VIDEO EDITING GUIDELINES
Log and Label your Shots
You can pay me now or you can pay me later. It will take a little time to log and label all your shots in the beginning, but it will pay off in the long run.
Use a topic and descriptor for each shot, i.e. Capitol Front, Med, Pan R
MW (Medium Wide)
XC (Extreme Close up)
Low (Low Angle)
High (High Angle)
C/A (Cut Away)
Rev (Reverse Angle)
Tell a Story With Your Video
The same way you would construct a story with words, construct your video with building blocks to develop the visual story.
Each Frame is a Word
Each Shot is s Sentence
Each Sequence is a Paragraph
Multiple Sequences make a Chapter Choose the Best Footage
It may sound a little silly, but be selective.
It is common to shoot more footage than you actually need and choose only the best material for the final edit. Often you will shoot several versions (takes) of a shot and then choose the best one when editing.
If a shot it too shaky, don’t use it.
If it’s out of focus, don’t use it.
Develop Your Sequences
A basic sequence might be:
Extreme Close Up
Cut Away/Transition Shot
But you could just as easily do:
Medium Wide Shot
Extreme Close Up
Cut Away/ Transition Shot
Think about continuity when building your story.
Choose Your Editing Points Wisely
Use cuts from one static image to another. Avoid editing in mid-pan or zoom. Allow the shot to stabilize before cutting to the next shot. Also, if action is taking place within the frame, allow it to finish.
If you must edit mid-motion, use a transition such as a dissolve or wipe.
Use natural visual transitions within the frame as edit points… a person leaving or entering the frame, someone crossing in front of the camera, an interesting extreme close up.
Stay in Your Plane
Maintain the “180 Rule”.
Establish a plane between 2 subjects, on one side of the room, or on one side of your action and maintain that perspective until you transition to another sequence. That way the subjects appear to look at each other… you understand where objects in the room are… and the action continues to flow in the same direction, not ramming into itself. Avoid Jump Cuts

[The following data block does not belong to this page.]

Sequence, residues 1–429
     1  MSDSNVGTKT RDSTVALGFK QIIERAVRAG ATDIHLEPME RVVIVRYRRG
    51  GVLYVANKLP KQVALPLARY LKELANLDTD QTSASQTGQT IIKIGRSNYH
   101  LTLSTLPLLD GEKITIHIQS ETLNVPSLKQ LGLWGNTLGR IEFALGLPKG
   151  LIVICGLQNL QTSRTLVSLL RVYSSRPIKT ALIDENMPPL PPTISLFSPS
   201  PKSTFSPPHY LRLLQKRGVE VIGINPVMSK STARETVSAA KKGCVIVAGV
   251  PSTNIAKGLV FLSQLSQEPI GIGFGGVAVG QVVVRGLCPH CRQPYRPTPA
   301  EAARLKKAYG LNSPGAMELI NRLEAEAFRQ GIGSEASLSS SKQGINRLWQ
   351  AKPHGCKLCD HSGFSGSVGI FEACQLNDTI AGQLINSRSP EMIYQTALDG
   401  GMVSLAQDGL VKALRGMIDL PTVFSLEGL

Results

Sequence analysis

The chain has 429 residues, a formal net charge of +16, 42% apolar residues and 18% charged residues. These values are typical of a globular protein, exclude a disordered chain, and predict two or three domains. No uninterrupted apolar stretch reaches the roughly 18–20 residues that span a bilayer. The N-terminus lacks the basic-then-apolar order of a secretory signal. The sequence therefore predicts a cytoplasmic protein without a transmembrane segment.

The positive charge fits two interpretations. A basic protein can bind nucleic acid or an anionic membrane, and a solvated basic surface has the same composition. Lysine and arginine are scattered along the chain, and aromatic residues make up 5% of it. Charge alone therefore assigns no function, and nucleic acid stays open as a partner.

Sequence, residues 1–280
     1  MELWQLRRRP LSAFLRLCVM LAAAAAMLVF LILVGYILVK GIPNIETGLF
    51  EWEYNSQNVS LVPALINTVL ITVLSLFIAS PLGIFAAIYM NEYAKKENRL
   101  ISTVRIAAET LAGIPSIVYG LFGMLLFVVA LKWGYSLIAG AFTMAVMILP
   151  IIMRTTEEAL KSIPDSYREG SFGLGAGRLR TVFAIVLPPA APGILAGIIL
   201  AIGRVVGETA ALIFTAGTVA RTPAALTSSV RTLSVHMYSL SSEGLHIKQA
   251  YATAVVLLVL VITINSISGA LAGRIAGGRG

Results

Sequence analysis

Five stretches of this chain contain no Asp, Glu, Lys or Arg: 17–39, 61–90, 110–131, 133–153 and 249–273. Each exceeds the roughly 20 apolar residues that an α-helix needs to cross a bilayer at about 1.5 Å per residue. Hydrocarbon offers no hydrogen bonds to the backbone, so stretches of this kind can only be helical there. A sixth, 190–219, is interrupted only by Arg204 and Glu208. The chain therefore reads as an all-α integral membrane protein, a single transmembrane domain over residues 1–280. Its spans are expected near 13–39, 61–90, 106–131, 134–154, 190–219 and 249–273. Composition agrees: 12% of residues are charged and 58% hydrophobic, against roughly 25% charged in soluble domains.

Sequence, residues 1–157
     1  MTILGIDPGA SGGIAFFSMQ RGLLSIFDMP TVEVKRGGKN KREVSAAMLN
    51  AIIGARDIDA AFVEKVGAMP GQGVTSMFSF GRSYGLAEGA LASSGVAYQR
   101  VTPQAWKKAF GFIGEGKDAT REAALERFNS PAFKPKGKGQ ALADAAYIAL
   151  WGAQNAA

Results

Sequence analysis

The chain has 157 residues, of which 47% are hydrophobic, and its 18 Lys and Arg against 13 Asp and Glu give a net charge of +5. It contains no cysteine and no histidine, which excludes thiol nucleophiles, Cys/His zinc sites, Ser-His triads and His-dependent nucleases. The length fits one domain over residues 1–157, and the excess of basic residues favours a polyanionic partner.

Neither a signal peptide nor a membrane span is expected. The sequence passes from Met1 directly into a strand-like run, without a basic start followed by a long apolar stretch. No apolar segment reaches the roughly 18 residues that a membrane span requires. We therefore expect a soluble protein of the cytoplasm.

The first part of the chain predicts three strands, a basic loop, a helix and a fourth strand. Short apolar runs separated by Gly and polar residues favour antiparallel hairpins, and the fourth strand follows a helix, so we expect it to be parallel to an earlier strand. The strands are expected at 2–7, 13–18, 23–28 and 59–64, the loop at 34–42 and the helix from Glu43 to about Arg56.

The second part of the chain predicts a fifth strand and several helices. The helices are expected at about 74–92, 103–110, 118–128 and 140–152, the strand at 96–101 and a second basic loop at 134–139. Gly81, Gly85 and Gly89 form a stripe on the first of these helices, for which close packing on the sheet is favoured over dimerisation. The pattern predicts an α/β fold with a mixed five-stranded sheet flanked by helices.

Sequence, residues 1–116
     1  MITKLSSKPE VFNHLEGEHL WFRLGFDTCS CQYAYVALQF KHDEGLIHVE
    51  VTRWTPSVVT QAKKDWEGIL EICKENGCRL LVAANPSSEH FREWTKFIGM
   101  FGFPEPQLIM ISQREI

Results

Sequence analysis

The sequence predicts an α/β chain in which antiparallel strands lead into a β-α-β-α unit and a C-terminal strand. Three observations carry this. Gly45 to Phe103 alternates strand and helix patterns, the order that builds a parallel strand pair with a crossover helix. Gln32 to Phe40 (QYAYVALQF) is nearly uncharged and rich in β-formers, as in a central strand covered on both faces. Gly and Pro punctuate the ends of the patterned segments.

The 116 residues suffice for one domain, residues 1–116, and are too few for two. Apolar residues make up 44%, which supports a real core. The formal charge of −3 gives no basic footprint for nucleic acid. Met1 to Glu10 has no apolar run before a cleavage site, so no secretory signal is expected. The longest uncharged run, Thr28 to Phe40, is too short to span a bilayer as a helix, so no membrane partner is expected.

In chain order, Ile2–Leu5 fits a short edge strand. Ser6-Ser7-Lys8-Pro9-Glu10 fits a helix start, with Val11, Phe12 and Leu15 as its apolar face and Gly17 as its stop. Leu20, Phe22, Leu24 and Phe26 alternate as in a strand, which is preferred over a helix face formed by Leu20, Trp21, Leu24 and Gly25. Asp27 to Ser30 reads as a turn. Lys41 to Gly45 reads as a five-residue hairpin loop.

A jump cut occurs when you have two consecutive shots with an exact or similar camera set up, but a difference in the subject… or the same subject in 2 different positions. It happens most often when editing interviews when going from one piece of A-Roll to another, or going from
Voice Over with the subject to the same subject in an interview.
If you leave the remaining shots side-by-side, the audience will be jarred by the slight repositioning of the subject. Instead, cover the cut with some b-roll, or use a fade.
Avoid cutting from a person in the B-Roll to the same person in an interview (A-Roll). Either use a Cut Away or a Transition (Dissolve or Wipe).
Use Nat Sound as a Defining Element
Make sure your Nat Sound levels under your Voice-Over/Narration is at a good level. Ideally it should be about 20% of your main audio. Less than that and it can’t be heard... more than that and it can overwhelm the main audio.
Use Nat Sound Breaks as story telling elements or transitional shots.
Music can add a depth to your video project, but it can also detract from it.
Choose your music wisely for the tone of your video. You may need more than one piece of music within your project.
Avoid music with vocals unless it is there is no Voice-Over/Narration. Keep the levels around
10%-15% under your Voice-Over/Narration.
You can use the music as a transitional tool, bringing it up full volume between V/O segments.
There are several music services/sites that provide Royalty Free tracks designed to be used as background.
Back it up
Back up your video footage. Don’t risk losing it. Make backup copies with either DVD’s or copy your footage onto an external hard drive. Should anything disastrous happen to your computer you have peace of mind knowing that footage is safely tucked away on your backups. SAVE Frequently
There’s nothing worse than spending hours editing something and then poof, it’s gone. Get in the habit of saving your progress a couple of times every hour, especially after you’ve made significant edits to the project.
When you first start your editing project, you’ll need to name your project and give the project file a location to save it on your computer. Name your project something that’s relevant to you and again, save frequently!